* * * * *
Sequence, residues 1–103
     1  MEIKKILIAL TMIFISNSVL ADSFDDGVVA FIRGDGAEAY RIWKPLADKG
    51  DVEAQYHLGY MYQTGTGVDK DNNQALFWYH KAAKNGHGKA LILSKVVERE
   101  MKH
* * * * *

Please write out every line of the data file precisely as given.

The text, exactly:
Sequence, residues 1–103
     1  MEIKKILIAL TMIFISNSVL ADSFDDGVVA FIRGDGAEAY RIWKPLADKG
    51  DVEAQYHLGY MYQTGTGVDK DNNQALFWYH KAAKNGHGKA LILSKVVERE
   101  MKH